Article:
“…the values which ‘pure’ science exhibits in its pursuit of truth are not, in themselves, much prized or richly rewarded in the bustling world of serious concerns. Even so, between the elitism of science and that of art there is a difference, one deriving from the fact that, even to the functionally illiterate, the man in the white jacket pictured in the advertisement holding up a test tube is recognized as a giver—though at second hand, through technology—of practical benefits. The elitism of the arts, however, receives no such acceptance, even at second hand.”

            There are writers I admire that I would only ever recommend to other writers, and I wouldn’t wish them any different than they are. Caviar, as Hamlet reminds us, is seldom appreciated by the general. As you suggest, one may have to serve such subtle dishes to “the experts who aren’t intimidated by them.”

            There’s more to say about a poetry of another sort—because surely we agree that ballet, flamenco, and hip hop can peaceably coexist, even if in different studios. But the subject of this discussion is of course the diverse nation of poetry that has variously been called ‘esoteric,’ ‘elliptical,’ ‘nonsensical,’ ‘inaccessible,’ and even simply ‘serious.’ For now I’ll just say that in my own poetry—to keep my claim narrow—though I can’t claim to be in advance of any guard, I aim less for mere accessibility than for good hospitality.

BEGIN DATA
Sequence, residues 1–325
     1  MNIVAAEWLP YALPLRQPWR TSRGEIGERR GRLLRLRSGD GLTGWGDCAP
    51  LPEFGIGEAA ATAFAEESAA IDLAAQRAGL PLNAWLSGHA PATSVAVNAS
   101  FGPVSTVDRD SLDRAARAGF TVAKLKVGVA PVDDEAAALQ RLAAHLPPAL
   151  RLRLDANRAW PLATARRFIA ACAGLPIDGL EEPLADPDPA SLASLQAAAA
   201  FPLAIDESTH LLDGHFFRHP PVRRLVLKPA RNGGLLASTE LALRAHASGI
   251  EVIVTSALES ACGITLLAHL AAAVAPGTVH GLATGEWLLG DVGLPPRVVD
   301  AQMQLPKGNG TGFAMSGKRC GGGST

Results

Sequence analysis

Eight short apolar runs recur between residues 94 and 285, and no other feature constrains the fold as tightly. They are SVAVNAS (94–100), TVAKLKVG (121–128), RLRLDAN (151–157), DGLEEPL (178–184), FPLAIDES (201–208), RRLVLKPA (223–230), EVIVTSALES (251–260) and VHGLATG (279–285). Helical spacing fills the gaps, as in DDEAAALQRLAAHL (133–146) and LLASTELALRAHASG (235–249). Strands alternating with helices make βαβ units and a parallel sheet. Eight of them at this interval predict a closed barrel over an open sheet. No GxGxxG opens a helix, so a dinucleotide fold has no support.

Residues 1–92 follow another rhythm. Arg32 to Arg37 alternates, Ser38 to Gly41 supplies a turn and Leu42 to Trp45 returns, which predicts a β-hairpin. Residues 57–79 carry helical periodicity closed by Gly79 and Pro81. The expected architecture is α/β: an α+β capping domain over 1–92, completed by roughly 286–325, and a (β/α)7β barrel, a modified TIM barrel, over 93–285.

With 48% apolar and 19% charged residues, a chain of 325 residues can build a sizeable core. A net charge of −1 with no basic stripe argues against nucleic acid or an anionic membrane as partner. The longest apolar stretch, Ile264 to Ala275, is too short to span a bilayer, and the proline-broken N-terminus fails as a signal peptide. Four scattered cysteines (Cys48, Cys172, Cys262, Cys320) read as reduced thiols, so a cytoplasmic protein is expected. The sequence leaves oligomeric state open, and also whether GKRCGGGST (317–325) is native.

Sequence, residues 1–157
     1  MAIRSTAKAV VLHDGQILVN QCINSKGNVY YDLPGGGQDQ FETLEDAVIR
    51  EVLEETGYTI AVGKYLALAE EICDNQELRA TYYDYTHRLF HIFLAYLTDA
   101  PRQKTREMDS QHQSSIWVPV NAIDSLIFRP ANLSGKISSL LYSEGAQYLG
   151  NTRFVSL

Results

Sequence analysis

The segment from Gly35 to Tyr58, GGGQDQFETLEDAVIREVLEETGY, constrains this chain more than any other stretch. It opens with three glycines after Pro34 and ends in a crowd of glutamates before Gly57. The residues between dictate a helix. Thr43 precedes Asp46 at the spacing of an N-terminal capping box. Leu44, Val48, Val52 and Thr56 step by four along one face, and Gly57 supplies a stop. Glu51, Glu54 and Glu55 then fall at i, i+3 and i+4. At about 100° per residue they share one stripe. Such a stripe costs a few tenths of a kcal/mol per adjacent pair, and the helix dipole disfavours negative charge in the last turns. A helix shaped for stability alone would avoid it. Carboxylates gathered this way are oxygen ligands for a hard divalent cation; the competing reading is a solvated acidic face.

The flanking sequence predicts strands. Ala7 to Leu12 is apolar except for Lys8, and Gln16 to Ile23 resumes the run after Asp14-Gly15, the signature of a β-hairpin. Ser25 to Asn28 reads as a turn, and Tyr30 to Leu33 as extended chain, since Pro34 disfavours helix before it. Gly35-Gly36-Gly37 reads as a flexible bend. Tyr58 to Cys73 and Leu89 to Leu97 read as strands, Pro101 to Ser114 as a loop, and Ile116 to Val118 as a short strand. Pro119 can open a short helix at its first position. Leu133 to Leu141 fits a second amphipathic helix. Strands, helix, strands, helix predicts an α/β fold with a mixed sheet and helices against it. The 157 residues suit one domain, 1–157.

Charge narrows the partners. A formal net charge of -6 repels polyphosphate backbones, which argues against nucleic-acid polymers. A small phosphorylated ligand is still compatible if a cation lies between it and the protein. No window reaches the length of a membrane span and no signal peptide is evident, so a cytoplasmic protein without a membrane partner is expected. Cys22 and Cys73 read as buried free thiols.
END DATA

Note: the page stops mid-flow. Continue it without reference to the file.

Thanks again, both Bob and Adam, for inviting me (as it were) into your conversation. Both of you cut by now a not-insubstantial public profile, so I’m humbled to be included, however briefly, on your dance card. All the best to each of you individually and to Real Pants as a whole.

          • “I aim less for mere accessibility than for good hospitality.” I wish I’d said that first. I am the populist-est of poets.

            Nice to be on the same page with you, Matthew!

  • jyh

    It’s a bit like a Rorschach drawing, I think. Some blots might look more like moths than others, but it’s still not a moth.
    For an utterance to make sense “as a whole”, this would just make it an actual sentence (in the dictionary sense of a “complete thought”, not to be confused with the “complete thought” formed by an actual paragraph), wouldn’t it? Not to be over-simple. There’s more to this than that, but that bit stood out.

    • RM O’Brien